ST. PAUL LEGAL LEDGER CAPITOL REPORT
A long-overdue campaign to promote the Twin Cities as one of the nation’s premier places for doing business and living well was launched last week by a new group of business and civic movers and shakers under the label Greater MSP (www.greatermsp.org).
This worthy endeavor was accompanied by much statistical fanfare over our excellence in innovation and productivity, and Minnesota’s enduring reputation for educational superiority was a particular boast.
Now comes an equally overdue and inspiring proposal to make sure we can back up that brag far into the future, all across the Twin Cities, and to erase our one glaring blemish: the grossly unequal educational achievement we are delivering to our fast-growing communities of color.
Some of the best thinkers in our corporate, education and minority advocacy communities are in the early stages of proposing a coordinated, results-driven, Twin Cities community partnership to improve overall student success and reduce racial equity gaps, from early childhood all the way through to post-secondary credentialing and early career launch.
The shapers of this inspiring concept are the African American Leadership Forum, a volunteer coalition of more than 500 experienced and emerging leaders, and the University of Minnesota. The point person for both organizations has been Dr. Robert Jones, the U’s senior vice president for system academic administration. The effort has been coordinated by the University of Minnesota’s College Readiness Consortium, led by one of the state’s most knowledgeable education experts, Kent Pekel. A working group representing leading corporate, philanthropic, nonprofit and advocacy groups has helped develop a set of conclusions and recommendations to proceed (see the report at www.collegeready.umn.edu).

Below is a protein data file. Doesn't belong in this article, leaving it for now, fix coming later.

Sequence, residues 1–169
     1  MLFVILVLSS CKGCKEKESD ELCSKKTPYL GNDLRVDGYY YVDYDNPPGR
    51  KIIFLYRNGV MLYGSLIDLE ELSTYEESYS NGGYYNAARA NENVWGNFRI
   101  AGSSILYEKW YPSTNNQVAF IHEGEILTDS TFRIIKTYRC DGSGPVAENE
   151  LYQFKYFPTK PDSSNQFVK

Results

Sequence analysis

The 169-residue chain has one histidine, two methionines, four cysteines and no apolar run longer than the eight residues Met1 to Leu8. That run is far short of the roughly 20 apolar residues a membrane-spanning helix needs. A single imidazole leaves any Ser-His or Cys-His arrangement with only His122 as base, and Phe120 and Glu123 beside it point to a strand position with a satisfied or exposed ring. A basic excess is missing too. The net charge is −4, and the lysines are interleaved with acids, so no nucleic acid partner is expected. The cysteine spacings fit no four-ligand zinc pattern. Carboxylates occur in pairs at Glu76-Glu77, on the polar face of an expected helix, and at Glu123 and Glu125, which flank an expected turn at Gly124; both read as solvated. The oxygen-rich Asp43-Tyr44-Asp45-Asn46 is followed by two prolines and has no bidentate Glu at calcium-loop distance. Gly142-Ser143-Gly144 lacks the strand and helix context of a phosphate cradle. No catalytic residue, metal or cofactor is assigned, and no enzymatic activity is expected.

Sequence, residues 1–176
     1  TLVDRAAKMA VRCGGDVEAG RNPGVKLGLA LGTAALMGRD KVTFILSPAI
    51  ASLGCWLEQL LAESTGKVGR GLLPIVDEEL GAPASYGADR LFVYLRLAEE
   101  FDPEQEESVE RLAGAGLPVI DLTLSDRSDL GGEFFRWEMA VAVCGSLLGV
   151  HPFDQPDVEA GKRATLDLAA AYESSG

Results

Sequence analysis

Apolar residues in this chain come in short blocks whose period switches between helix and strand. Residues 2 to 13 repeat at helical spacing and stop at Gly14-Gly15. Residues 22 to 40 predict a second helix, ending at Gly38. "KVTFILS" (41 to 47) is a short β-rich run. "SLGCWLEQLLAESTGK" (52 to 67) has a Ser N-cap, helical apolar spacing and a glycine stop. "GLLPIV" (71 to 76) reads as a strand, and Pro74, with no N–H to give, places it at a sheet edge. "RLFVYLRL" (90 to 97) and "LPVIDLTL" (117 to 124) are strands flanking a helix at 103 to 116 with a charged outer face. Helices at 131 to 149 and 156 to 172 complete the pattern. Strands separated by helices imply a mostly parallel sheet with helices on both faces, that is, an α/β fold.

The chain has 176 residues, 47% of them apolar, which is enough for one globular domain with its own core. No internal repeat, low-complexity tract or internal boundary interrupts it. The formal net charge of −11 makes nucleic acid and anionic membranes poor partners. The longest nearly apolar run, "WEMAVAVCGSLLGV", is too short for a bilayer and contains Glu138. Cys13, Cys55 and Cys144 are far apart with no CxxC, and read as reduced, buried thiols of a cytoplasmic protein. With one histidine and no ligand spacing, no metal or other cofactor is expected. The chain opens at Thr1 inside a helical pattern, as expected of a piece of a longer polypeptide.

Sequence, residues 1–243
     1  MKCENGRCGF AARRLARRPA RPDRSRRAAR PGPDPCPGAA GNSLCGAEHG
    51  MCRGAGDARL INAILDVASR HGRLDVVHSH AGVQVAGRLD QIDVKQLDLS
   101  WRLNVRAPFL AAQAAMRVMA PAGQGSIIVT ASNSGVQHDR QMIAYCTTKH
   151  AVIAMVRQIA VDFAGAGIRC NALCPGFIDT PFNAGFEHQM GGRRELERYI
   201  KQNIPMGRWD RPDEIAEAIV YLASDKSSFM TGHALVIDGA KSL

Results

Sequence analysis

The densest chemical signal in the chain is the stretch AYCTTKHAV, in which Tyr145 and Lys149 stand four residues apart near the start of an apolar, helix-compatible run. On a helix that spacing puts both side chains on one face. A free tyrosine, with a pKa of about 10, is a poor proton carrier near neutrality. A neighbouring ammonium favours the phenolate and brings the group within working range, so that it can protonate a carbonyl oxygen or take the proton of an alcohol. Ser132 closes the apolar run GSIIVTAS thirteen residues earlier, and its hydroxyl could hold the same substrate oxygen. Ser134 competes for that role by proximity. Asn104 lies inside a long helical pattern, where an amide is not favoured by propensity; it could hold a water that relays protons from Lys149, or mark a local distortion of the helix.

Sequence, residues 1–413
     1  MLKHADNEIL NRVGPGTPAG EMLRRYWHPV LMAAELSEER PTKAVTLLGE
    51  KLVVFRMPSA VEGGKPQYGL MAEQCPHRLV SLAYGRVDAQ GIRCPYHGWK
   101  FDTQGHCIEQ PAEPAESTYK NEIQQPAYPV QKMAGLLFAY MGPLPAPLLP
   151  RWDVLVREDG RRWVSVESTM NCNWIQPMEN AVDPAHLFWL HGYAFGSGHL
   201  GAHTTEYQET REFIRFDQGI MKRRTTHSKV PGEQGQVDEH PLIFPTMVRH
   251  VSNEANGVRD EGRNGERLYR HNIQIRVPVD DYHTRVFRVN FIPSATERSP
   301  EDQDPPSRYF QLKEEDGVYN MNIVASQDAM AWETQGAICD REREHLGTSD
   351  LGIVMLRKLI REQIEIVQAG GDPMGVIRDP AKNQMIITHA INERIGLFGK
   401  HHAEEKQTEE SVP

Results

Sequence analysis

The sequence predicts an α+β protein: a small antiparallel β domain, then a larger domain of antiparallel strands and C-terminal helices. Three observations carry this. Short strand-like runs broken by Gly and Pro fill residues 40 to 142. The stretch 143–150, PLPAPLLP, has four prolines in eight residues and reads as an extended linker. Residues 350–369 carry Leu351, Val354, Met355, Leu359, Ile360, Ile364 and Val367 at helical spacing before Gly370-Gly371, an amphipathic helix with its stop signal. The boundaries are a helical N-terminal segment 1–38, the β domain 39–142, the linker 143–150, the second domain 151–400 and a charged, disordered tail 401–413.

The nickname for this framework is the “Strive model,” and it’s inspired by the Strive Partnership, which has blossomed in the metropolitan area of Cincinnati and northern Kentucky since 2006. Strive’s 2010 Report Card cites improvement on 40 of 54 statistical indicators of student success, from kindergarten readiness to fourth-grade math scores to retention rates at local community colleges.
This model is being picked up by other metropolitan regions, including Boston and Seattle, which are peers and rivals for our claim to being a brainpower economy. The model also is being replicated in Houston and the East Bay (San Francisco) area in California. Already out front on this effort in Minnesota is Grand Rapids and the Itasca County area, which joined the Strive national network last month.
The Strive strategy is sophisticated, comprehensive and complex, but so are the challenges facing students. Here are perhaps the four outstanding features of a potential Twin Cities Strive partnership.